“When Jesus calls on us, what he asks of us may be extraordinarily difficult. We may feel like we’re sinking in the midst of that calling… But if we trust in Him, we’ll make it through and find something infinitely greater than what we were holding to in the first place.”

View this post on Instagram

#mymasstakeaway – “When they had done this, they caught a great number of fish and their nets were tearing. They signaled to their partners in the other boat to come help them. They came and filled both boats so that the boats were in danger of sinking.” (Luke 5) . . . . . . What jumped out to me in today’s Gospel reading is not the extraordinary trust and obedience that the disciples displayed, but rather, that when Jesus calls on us, what he asks of us may be extraordinarily difficult. We may feel like we’re sinking in the midst of that calling. His desires for us are ultimately good and in our best interest, but that doesn’t mean it won’t be a real challenge for us, that it won’t feel overwhelming. That our safety nets may tear and we may be close to sinking and we can’t rely solely on ourselves to get things done. . . . . . . Jesus is not comfortable. He does not tell us to keep with the status quo, to keep on keepin’ on. He challenges us, pushes us, divides the chaff from the wheat within us. But if we trust in Him, we’ll make it through and find something infinitely greater than what we were holding to in the first place. . . . . . . #catholic #catholics #catholicmass #catholicchurch #catholicconnect #womenoffaith #christianblogger #catholicblogger #catholicfaith #catholiclife #Catholicism #catholicmom #thecatholicmama #christianmom #christianity #christianwriter #latinmass #romancatholic #traditionalcatholic #Godislove #Jesusislord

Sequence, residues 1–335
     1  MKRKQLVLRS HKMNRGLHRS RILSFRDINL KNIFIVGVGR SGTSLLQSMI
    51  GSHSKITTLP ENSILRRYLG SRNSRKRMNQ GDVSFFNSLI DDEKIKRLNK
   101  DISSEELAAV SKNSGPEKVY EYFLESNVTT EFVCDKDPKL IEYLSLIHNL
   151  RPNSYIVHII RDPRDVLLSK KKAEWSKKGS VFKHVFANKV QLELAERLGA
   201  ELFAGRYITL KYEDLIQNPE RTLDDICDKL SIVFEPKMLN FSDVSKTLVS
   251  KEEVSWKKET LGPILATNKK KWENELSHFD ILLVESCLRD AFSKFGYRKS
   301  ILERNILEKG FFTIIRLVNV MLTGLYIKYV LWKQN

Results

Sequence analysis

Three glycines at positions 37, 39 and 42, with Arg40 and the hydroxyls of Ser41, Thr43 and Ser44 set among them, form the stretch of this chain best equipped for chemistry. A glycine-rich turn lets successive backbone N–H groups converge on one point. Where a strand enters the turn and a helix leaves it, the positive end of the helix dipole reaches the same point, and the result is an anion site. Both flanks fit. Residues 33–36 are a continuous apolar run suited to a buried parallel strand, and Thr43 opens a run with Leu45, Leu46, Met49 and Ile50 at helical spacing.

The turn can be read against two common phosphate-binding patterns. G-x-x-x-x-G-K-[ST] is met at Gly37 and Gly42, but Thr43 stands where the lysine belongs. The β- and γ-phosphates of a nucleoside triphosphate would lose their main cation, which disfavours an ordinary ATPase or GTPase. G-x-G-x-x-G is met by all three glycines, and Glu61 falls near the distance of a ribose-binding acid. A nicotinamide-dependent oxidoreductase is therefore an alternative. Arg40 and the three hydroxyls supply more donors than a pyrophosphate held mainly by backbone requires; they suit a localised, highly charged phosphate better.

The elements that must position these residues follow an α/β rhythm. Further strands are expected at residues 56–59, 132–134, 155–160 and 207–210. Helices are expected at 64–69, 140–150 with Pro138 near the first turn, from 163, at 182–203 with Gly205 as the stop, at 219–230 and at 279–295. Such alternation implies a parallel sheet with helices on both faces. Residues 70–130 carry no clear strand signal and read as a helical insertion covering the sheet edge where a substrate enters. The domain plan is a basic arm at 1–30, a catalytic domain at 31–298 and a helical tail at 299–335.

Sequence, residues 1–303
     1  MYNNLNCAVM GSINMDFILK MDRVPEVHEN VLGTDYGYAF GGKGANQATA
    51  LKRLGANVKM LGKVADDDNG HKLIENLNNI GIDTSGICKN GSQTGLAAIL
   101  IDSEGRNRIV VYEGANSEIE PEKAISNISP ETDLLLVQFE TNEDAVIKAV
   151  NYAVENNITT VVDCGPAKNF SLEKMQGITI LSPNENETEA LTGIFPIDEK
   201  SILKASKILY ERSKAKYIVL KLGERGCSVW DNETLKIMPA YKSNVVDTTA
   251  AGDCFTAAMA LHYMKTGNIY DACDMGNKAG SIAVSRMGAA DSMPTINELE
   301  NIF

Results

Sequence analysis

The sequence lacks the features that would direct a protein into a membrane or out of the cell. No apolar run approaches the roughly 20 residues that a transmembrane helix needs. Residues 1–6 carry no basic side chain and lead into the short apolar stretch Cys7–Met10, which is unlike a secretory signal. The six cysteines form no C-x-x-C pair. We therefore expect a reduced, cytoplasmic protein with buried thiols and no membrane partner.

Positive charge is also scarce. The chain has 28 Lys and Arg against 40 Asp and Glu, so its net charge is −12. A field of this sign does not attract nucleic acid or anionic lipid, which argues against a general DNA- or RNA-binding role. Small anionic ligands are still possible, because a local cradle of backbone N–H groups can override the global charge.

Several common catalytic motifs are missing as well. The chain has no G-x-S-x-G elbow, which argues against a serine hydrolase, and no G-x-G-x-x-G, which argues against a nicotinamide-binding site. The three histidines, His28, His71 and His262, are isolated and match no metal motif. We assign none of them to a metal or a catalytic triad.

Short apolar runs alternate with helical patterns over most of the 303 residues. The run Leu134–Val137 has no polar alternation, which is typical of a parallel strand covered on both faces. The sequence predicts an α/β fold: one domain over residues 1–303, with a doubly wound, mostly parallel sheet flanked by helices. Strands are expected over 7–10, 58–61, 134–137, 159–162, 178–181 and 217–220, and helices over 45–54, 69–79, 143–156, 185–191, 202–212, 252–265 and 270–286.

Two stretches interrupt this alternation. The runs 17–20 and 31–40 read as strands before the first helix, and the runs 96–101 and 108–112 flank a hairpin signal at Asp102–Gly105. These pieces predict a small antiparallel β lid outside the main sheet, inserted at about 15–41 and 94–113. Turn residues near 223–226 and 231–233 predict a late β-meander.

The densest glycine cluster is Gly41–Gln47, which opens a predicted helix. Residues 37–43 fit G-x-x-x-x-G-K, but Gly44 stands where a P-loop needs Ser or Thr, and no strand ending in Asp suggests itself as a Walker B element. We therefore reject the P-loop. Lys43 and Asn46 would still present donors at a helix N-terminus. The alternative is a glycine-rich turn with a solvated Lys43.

A post shared by Christine Mooney-Flynn (@thecatholicmama) on

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great post